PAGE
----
Ensemble Galilei, a six-woman group dedicated to Celtic and early music, presented a concert of traditional melodies of the solstice season, some with updated arrangements, at Strathmore Hall Thursday evening. Noels from early Renaissance Europe opened the program. Ensemble leader Carolyn Anderson Surrick coaxed sonorous tones from a viola da gamba, an instrument a tad exotic for audiences familiar only with the 19th-century orchestra.
The variety of instruments used by the musicians obtained unusual tonal diversity and atmosphere. They played cymbals the size of doll's teacups, an "ocean drum" (a bodhran with a layer of metal beads on the inside of the drumhead), spoons, polished bones and oboe. Of course, they also needed the usual Celtic accouterments--fiddles, recorders, harp and the droning uilleann pipes. Harpist Sue Richards's "November Woods" and "Fire in the Hearth" issued a quiet meditative interlude amid the brisk carols from the Basque, Welsh, Scottish and other Celtic homelands.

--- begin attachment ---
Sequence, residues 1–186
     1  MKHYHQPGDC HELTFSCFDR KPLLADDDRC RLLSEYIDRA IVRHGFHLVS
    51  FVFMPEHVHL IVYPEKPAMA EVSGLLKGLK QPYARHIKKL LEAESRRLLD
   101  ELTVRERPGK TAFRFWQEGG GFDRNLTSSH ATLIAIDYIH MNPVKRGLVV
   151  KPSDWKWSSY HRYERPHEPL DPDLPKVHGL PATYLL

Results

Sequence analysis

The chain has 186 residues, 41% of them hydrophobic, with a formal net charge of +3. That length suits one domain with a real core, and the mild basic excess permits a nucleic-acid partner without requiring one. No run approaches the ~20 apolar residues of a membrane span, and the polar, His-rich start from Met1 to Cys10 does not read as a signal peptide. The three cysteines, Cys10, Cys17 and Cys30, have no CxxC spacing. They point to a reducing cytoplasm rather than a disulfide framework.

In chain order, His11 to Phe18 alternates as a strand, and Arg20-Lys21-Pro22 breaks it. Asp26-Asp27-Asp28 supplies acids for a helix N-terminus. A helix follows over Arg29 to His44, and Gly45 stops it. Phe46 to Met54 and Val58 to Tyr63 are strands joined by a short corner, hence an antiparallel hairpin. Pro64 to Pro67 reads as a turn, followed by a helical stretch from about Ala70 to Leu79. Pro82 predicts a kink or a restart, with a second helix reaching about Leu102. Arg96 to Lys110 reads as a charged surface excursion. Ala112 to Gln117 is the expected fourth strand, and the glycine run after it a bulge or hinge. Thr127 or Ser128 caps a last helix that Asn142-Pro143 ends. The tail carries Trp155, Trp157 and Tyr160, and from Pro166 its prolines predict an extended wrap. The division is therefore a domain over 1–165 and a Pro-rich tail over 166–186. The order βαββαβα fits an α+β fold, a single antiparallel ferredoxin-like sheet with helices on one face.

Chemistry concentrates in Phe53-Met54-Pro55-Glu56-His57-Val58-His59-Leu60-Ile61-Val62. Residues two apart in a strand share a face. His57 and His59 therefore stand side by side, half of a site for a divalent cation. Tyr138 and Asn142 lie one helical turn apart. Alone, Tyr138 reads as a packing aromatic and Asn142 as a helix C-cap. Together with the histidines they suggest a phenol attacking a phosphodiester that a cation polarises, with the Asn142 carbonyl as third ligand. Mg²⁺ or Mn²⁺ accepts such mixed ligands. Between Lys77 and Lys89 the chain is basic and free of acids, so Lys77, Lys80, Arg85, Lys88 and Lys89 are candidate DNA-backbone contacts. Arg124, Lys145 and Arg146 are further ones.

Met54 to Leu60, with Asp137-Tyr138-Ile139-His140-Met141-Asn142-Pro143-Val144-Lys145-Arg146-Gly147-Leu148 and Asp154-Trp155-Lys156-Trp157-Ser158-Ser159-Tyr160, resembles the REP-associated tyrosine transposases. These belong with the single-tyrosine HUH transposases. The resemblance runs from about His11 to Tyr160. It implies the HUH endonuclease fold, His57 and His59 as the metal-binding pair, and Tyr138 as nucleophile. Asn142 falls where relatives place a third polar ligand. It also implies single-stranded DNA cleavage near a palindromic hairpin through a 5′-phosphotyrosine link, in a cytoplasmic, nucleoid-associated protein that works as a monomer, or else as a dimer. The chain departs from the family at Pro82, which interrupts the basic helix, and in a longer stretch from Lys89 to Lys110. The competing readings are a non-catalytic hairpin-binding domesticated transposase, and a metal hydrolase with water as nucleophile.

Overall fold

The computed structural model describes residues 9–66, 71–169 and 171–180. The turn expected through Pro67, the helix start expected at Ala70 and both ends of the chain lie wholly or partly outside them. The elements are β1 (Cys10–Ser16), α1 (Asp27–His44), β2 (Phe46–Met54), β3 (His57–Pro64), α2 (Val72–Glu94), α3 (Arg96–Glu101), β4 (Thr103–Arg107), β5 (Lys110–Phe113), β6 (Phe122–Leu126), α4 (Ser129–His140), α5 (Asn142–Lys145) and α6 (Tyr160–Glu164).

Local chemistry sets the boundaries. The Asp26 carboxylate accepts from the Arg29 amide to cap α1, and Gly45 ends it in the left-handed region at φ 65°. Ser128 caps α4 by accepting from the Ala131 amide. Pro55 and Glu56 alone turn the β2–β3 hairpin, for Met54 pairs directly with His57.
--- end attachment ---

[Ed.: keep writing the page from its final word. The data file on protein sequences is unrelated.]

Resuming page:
Much of the program tinkered with traditional arrangements, especially percussionist Jan Hagiwara's stripped-down "Good King Wenceslas" with a beat approaching that of reggae. "The Bell Carol" featured inventive parts for plucked strings and sleigh bells, and "Joy to the World" was given a Celtic twist to conclude the program.